On March 22, 2021, the Federal Energy Regulatory Commission (FERC or Commission) for the first time issued an order that assessed whether greenhouse gas emissions related to a natural gas pipeline certificate project would significantly contribute to climate change. FERC purported to perform the assessment pursuant to its obligation under the National Environmental Policy Act (NEPA) to take a “hard look” at a project’s environmental impacts.
Relying on U.S. Court of Appeals for the District of Columbia Circuit precedent in Birckhead v. FERC and Sierra Club v. FERC, FERC explained that a proposed pipeline’s reasonably foreseeable greenhouse gas emissions are relevant to its determination as to whether a project meets the Natural Gas Act’s “public convenience and necessity” requirement. FERC calculated a potential increase of 0.000006% in carbon dioxide equivalent emissions from the pipeline’s operations as compared with national levels in the United States in 2018 and did additional comparisons to the emissions levels in the states where the facilities would be located. While it deemed the increase not to be significant, FERC stated that it could consider additional or different types of evidence in future proceedings. FERC also stated that the significance of a project’s reasonably foreseeable greenhouse gas emissions would be considered, along with other factors, in determining whether a project is required for public convenience and necessity.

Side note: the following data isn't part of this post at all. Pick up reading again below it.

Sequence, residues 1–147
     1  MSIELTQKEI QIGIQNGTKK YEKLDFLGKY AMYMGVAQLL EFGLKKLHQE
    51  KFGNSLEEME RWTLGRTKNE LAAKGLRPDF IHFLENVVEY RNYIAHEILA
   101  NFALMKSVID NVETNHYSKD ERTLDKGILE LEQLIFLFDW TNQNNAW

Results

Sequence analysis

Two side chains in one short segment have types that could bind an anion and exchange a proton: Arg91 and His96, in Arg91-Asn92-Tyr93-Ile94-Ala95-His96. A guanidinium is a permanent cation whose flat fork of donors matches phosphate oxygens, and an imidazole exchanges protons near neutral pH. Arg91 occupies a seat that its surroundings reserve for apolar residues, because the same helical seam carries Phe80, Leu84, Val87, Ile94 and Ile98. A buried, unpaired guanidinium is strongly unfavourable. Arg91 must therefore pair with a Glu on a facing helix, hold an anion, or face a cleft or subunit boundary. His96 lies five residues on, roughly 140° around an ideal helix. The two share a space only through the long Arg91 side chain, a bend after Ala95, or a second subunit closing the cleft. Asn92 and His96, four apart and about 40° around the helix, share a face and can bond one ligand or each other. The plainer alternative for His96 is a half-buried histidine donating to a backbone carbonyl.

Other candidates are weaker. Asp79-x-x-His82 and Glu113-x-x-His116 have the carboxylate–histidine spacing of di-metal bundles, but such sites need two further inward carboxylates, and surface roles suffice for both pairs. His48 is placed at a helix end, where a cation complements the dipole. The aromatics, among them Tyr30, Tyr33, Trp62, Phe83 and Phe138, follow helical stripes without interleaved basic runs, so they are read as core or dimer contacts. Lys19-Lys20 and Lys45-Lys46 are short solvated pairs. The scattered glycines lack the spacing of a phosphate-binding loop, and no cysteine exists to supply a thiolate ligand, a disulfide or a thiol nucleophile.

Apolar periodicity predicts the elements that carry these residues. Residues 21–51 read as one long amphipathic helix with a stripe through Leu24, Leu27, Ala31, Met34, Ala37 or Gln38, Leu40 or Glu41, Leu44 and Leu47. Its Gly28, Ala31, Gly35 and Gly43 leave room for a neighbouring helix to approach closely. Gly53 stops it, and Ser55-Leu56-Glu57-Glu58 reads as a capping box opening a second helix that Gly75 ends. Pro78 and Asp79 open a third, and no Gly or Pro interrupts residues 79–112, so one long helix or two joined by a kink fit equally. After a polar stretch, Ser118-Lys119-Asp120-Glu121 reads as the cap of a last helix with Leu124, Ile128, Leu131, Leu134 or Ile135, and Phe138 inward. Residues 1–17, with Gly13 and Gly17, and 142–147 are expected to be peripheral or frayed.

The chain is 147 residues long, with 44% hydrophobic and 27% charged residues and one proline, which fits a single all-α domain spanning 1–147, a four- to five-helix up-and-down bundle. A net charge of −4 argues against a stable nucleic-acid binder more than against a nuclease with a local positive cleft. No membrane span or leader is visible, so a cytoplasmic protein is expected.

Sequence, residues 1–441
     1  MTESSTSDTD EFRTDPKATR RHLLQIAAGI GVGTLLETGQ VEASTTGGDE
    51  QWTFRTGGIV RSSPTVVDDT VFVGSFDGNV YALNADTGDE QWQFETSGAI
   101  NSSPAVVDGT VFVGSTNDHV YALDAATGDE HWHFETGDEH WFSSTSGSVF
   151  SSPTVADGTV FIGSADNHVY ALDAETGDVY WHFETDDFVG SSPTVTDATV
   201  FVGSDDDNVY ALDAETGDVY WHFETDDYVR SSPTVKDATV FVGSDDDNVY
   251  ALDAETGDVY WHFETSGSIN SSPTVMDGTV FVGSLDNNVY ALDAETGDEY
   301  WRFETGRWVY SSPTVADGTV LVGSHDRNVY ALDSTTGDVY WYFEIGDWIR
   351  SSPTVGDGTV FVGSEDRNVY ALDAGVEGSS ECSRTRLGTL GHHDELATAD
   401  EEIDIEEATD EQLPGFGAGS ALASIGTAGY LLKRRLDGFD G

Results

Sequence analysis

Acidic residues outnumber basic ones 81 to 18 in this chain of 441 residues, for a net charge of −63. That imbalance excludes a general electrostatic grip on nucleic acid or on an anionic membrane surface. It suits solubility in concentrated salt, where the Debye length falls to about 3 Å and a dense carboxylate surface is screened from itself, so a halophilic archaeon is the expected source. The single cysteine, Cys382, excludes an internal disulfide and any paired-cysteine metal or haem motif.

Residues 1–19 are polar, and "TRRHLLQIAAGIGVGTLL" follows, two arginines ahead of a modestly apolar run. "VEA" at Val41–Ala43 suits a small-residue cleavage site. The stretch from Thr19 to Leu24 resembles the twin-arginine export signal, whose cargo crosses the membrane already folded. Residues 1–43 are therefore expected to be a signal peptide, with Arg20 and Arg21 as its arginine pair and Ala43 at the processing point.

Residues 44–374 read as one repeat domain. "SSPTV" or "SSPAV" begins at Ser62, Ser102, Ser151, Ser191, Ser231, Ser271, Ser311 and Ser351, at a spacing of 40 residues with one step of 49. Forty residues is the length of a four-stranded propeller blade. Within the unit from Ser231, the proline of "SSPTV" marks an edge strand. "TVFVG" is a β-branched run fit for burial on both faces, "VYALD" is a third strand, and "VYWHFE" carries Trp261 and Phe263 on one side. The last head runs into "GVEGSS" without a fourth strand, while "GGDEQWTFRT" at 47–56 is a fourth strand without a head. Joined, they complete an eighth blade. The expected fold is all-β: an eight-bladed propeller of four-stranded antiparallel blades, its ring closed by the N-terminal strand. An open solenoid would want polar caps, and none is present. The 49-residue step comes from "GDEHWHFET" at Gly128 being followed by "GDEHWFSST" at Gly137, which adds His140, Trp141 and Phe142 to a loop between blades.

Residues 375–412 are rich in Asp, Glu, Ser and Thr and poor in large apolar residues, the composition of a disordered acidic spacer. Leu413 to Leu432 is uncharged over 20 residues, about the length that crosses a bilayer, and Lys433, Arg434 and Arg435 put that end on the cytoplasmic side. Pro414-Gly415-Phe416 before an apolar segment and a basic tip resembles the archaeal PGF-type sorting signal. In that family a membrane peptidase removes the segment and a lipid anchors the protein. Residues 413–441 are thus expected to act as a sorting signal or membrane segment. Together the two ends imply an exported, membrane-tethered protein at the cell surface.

The significance determination was made in the context of a pipeline modernization project through the abandonment of 1940s and 1950s vintage lines and their replacement with new facilities that would maintain the pipeline’s existing capacity. FERC did not assess whether the greenhouse gas emissions resulting from the project would be an increase from emissions that may have resulted from the existing facilities.
The order elicited dissents by Commissioners James Danly and Mark Christie. Both raised concerns that FERC circumvented a pending notice of inquiry proceeding that is reviewing whether and how FERC should analyze and consider a project’s greenhouse gas emissions and their contribution to climate change. Comments in that docket, PL18-1-000, are due on April 26, 2021, and are expected from a wide array of stakeholders. Commissioner Danly’s dissent also argued that the order was arbitrary and capricious in violation of the Administrative Procedure Act. He called on pipeline companies with pending certificate orders to actively monitor these policy changes and take legal action if necessary.
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